Wai Yi Chung is a multi-disciplinary visual artist from Hong Kong, who is currently studying for an MA in Fine Art at the University for the Creative Arts in the UK. Her works explore her existence through personal history and the relation to the history of her hometown, Hong Kong, with specific reference to technology and the senses. Questioning both what it means to be an individual and what it means to be human in general, particularly in the era of post-humanism and the threat of AI taking over.
She invented her visual language, called the “entanglement”, which mainly comprises intricate labyrinthine 2D/3D line drawings on different kinds of surfaces, physically and virtually, as an analogy to her life story and philosophical view of life and being.
The entanglement is a labyrinth structure, manifesting the contradiction about the human condition, or in general, life—seeing the labyrinth and walking into it, trying to find the goal. Although one is not forced to do so one will always be lured and destined to fall prey to it.
The highlight of the entanglement is the artist’s labour of hand drawing and painting that first follows an unidentified logic behind the unconscious automatic movement of the hand and then the focused mind to complete it. Wai Yi’s “labyrinth” is one that only a human would be able to solve.
In view of the inevitable technological development in the age of posthumanism, it is believed that one day, machines such as neurocomputing will be infused with the human body. Wai Yi believes as a human artist, she would choose to “co-exist” with the computer. Starting at the age of 8, she has been an enthusiastic high-level amateur Go player. The game of Go not only informs the black and white colour scheme and wood pieces or wooden structures in many of her works but also because of the rise of AlphaGo in 2016, she began to see AI as a learning tool rather than a mere rivalry.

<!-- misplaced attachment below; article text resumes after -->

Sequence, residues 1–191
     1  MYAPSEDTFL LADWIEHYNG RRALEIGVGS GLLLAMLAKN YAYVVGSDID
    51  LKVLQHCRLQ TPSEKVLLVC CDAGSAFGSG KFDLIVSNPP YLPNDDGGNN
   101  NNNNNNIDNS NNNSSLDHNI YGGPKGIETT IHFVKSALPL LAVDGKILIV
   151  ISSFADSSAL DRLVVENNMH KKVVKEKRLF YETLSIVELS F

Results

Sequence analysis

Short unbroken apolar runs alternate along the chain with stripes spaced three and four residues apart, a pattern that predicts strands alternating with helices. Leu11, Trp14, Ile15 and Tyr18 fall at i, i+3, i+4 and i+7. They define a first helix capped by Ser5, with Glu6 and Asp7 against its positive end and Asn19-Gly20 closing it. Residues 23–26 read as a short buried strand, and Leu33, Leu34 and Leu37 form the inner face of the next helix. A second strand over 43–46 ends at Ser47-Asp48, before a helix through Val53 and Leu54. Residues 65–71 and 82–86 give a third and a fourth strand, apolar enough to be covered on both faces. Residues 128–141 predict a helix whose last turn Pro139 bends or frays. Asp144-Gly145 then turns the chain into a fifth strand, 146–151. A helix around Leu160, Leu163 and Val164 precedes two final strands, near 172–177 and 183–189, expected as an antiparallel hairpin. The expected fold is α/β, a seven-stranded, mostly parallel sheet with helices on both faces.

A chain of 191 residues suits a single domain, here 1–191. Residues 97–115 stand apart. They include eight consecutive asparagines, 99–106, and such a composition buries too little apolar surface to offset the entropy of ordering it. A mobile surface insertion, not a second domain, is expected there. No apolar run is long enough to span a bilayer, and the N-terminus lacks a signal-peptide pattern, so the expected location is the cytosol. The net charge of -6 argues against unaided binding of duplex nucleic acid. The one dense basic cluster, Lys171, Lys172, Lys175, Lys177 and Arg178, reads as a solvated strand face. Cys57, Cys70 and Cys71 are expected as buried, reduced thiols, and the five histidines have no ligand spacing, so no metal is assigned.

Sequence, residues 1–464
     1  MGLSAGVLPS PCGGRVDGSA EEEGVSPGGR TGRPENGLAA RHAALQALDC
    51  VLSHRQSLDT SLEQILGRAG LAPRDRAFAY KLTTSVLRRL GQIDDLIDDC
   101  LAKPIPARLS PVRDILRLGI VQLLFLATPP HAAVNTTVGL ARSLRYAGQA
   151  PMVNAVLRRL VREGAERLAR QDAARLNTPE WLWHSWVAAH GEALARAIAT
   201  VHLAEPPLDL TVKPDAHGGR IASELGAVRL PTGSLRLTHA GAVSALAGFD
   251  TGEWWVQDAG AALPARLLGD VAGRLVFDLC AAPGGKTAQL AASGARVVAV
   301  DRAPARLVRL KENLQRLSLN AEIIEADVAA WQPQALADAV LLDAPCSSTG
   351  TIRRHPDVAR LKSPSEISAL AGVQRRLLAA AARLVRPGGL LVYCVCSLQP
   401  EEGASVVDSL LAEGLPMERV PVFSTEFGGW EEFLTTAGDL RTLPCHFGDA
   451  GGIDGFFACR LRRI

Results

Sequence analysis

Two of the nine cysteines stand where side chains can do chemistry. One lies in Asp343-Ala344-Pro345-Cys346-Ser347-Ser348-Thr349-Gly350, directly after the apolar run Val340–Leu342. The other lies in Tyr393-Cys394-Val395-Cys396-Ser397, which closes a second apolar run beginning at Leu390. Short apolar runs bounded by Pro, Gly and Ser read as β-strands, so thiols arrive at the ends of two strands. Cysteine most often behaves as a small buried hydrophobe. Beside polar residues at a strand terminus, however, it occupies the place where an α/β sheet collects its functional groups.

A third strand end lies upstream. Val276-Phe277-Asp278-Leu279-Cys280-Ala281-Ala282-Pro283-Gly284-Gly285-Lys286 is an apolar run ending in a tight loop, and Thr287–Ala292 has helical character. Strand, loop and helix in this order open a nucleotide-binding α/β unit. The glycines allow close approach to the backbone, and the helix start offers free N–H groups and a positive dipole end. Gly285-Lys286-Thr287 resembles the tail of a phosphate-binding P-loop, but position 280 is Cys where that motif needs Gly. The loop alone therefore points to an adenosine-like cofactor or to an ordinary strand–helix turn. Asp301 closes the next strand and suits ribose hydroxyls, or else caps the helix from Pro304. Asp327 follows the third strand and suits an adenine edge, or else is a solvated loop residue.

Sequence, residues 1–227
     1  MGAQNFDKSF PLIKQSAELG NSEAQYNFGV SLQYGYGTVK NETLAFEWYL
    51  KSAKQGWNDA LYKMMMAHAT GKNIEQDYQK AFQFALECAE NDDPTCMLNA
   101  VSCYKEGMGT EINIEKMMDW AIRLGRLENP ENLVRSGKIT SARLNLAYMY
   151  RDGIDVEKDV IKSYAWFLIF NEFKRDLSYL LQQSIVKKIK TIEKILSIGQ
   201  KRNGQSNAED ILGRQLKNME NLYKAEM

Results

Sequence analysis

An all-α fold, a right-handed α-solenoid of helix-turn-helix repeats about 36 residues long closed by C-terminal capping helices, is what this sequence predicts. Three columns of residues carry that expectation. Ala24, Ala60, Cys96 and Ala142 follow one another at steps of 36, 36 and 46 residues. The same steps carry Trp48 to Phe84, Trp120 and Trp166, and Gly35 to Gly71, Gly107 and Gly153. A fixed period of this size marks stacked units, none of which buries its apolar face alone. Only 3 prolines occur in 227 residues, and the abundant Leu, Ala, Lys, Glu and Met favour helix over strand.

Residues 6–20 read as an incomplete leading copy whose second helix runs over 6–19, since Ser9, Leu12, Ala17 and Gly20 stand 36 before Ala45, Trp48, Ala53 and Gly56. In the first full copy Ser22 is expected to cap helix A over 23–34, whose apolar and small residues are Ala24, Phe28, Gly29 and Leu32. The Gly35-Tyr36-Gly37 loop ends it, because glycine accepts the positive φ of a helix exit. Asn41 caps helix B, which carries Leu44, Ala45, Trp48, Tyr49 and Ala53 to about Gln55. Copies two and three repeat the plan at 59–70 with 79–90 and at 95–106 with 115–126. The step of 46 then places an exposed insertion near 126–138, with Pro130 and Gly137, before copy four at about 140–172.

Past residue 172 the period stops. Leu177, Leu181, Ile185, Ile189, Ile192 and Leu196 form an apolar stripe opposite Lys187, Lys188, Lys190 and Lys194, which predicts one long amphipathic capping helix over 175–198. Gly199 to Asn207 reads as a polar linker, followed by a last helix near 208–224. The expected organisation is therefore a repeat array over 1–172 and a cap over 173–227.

Subverting the idea of “artificial intelligence”, as a digital human, she attempts to think like a computer through this drawing process, which is too complex and illogical for computers to replicate, challenging the omnipotent generative image algorithms.
Storytelling is also important in Wai Yi’s work, especially in her paintings. Using disorientating visuals, she conveys her worldview and the struggles and tension between memories and the future for Hongkongers. She started working on irregular paintings, encapsulating people and events from different times and spaces into deforming architectural structures.
Through motifs of loops, optical illusions, impossible shapes, labyrinths and reflections, Wai Yi Chung invites her audience to play with perception and contemplate on our existence.
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